Prescription and recreational drugs may generate and/or exacerbate tics. The most common are stimulants such as methylphenidate (Ritalin) and pemoline (Cylert), amphetamine/dextroamphetamine (Adderall), other amphetamines, and cocaine. To a smaller degree, tics may be worsened by anticonvulsants, opioids, antihistamines, and tricyclic antidepressants.
Finally, the negative impact of stress and fatigue upon tics can’t be over-emphasized.
How to Treat Tics
As we begin, it’s important to note that most children don’t require treatment for their tics. It’s thought that waiting is a good idea because of the fluctuating nature of tics. Jumping right-in to, say, meds is a dicey proposition because who would know if they’re working in the midst of the fluctuations.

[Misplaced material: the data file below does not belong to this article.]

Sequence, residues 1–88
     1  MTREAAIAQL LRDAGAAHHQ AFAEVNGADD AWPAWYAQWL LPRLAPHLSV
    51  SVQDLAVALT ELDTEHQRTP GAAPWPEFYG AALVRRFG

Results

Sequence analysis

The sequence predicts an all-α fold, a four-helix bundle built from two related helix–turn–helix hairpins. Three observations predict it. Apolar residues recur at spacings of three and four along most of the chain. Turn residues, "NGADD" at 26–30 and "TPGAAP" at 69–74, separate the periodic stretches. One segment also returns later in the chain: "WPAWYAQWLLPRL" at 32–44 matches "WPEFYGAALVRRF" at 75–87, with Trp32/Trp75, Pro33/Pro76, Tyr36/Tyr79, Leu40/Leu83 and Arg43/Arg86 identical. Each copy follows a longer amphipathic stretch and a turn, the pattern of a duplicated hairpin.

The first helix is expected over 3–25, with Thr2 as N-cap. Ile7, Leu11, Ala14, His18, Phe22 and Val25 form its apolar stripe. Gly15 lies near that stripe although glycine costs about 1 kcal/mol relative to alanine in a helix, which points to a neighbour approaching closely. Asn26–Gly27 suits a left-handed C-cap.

If, after a comprehensive assessment (lots of overlap with OCD and ADHD to be considered), treatment is indicated, it needs to be facilitated by a multidisciplinary team to include a physician(s) and psychotherapist.
Now to the meds side of the fence. Often used are first-generation antipsychotics, such as haloperidol (Haldol), pimozide (Orap), and fluphenazine (Prolixin), as well as the newer atypical antipsychotics, such as risperidone (Risperdal), olanzapine (Zyprexa), and ziprasidone (Geodon).
A newer med, tetrabenazine (Xenazine), is showing promise as an add-on to the first-generation antipsychotics, allowing for lower doses of each. Also used are alpha-2 agonists, such as clonidine (Catapres) and guanfacine (Tenex).
It’s not uncommon to include a SSRI antidepressant, such as fluoxetine (Prozac) and sertraline (Zoloft) to address assorted mood, anxiety, and impulsivity issues, should they present.